Department of Music

2014 Virginia Tech Band Directors Institute

Sunday, June 29 - Wednesday, July 2

Registration for the 2014 Virginia Tech Band Directors Institute is open! There is a first come, first serve limit of 22 regular conducting participants, 8 in the expanded chamber-conducting experience, and an unlimited number of spots for non-conducting participants.

discover • experience • connect

The Virginia Tech School of Performing Arts and Department of Music is pleased to announce the 2014 Virginia Tech Band Directors Institute & Conducting Workshop, a four-day symposium designed for wind band teachers of all levels. Participants come from both within Virginia and across the country and include school music educators, private teachers, military band musicians, and current undergraduate and graduate students. Our goal is to offer a variety of activities that appeal to the dual roles of musician and educator and provide a growth experience for anyone interested in the art of teaching and conducting.

The Virginia Tech Band Directors Institute is one of the most affordable offerings of its kind!

• discover

Participate in sessions covering a wide range of topics, from gesture, interpretation, rehearsal pedagogy, repertoire and programming, philosophy, and program development.

• experience

You may choose to conduct selected repertory for both full-band and chamber ensembles and receive coaching and video feedback from the clinicians. Conducting participant spots are available on a first-come, first-served basis. An unlimited number of spots are available for non-conducting participants.

• connect

Meet and interact with colleagues from around the state and region within a relaxed and supportive environment and the beautiful summer surrounds of Blacksburg.


Steven D. DavisSteven D. Davis

Steven D. Davis serves as Director of Bands and Wind Ensembles, Professor of Conducting, Conservatory large ensembles chair, opera conducting faculty, and conductor of the Conservatory Wind Symphony at the University of Missouri-Kansas City Conservatory of Music and Dance. He coordinates the graduate program in wind ensemble conducting and oversees all aspects of the UMKC band program. Davis is the founding director of the UMKC Wind Band Teaching Symposium, one of country’s largest conducting workshops. He is conductor of the Youth Symphony of Kansas City’s Symphony Orchestra and newEar, Kansas City's professional contemporary chamber ensemble. Davis has served as a conductor at the CBDNA National Convention, Midwest Clinic, NAfME National Convention and the Festival of New American Music. He has also conducted numerous summers at the Interlochen Summer Arts Camp. As a committed advocate for music education, he has been a guest conductor and teacher at state conferences, and honor band and orchestra festivals in 37 states. He has appeared as a guest artist at the most significant conservatories in Bangkok and Chang Mai, Thailand; Lisbon, Portugal; and Beijing, China. Davis has been invited for residencies and conducting symposiums at major institutions such as the Eastman School of Music, Ithaca College, Michigan State University, University of Colorado, University of Georgia and Florida State University, among others.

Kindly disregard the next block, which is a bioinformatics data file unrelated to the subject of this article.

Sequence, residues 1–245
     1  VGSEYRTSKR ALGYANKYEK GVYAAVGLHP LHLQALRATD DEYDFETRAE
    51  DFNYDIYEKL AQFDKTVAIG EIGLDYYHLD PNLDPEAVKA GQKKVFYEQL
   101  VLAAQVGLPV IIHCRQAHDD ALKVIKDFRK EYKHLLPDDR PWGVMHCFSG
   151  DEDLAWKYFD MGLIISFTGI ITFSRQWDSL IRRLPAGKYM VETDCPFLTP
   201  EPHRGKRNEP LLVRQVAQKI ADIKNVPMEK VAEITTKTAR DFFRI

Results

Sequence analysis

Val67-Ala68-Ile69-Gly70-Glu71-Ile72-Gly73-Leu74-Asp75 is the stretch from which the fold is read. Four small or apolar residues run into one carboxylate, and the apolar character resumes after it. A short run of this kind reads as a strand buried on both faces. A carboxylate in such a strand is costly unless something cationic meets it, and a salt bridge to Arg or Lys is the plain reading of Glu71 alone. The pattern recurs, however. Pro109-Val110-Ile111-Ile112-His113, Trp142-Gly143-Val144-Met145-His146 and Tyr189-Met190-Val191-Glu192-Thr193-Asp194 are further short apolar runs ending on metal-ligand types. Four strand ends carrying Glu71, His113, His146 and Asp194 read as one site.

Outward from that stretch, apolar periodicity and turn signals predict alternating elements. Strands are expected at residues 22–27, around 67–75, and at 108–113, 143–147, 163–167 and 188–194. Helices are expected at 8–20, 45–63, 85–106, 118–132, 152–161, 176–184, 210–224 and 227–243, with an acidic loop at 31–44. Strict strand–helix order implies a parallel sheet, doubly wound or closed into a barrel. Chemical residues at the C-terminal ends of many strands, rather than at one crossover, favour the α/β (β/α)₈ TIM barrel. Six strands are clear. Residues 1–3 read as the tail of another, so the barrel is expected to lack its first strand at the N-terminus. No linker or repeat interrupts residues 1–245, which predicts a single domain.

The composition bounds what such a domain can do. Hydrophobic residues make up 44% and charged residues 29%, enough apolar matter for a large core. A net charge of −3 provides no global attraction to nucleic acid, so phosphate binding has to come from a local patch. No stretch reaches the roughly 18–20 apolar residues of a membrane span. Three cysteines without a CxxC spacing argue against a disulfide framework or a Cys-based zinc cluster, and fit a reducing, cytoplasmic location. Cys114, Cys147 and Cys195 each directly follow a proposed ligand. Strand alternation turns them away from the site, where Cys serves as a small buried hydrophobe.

Davis is fervently committed to performing new repertoire, and has been praised by prominent contemporary composers including Leslie Bassett, Robert Beaser, Michael Colgrass, John Corigliano, Michael Daugherty, Osvaldo Golijov, Stephen Hartke, David Lang, Zhou Long, James Mobberley, Narong Prangcharoen, Bernard Rands, Paul Rudy, Steven Stucky, Frank Ticheli, and Chen Yi. He has received dedications for over 30 commissioned works.

Davis is an elected member of the American Bandmasters Association and currently serves as the College Band Directors National Association Southwest Division president. At UMKC, he has been awarded the Muriel McBrien Kauffman Artistry and Scholarship Award. In 2014, Davis will lead the UMKC Conservatory Wind Symphony as a featured ensemble at the Beijing Modern Music Festival and the Tianjin May Festival.

Andrew J. PutnamAndrew J. Putnam

Andrew J. Putnam conducts the Symphonic Wind Ensemble at Virginia Tech and teaches undergraduate and graduate courses in conducting. He received his doctoral degree from the Conservatory of Music and Dance at the University of Missouri-Kansas City, where he studied with Steven D. Davis. He previously earned the master of music education, studying with Colleen Conway and conducting with Michael Haithcock at the University of Michigan. He previously earned of a bachelor of music education degree at the University of Wisconsin-Madison.

An advocate for the wind ensemble as an artistic medium, Putnam has shared in performances at the Midwest Band and Orchestra Clinic as well as the regional and national conferences for the College Band Director’s National Association. Additional collaborative work with artistic leaders including composers John Corigliano, Robert Beaser, James Mobberley, and Paul Rudy, renowned wind conductor H. Robert Reynolds, and the 2011 Pulitzer Prize winner in music, Zhou Long. His work with Robert Beaser towards the completion of the wind ensemble setting of the composer’s Manhattan Roll (originally commissioned for 150th anniversary of the New York Philharmonic) led to its premiere at the 2011 Midwest Band and Orchestra Clinic. His recent research has centered on the personas of folk singers influencing the work of Percy Grainger, and wind ensemble works of Paul Hindemith.

Putnam taught for five years at Whitnall High School in Greenfield, WI where he served as director of bands, where he over coordinated all aspects of the instrumental music program. He continues to remain active as a clinician, adjudicator, and artist with programs and various ensembles across the country.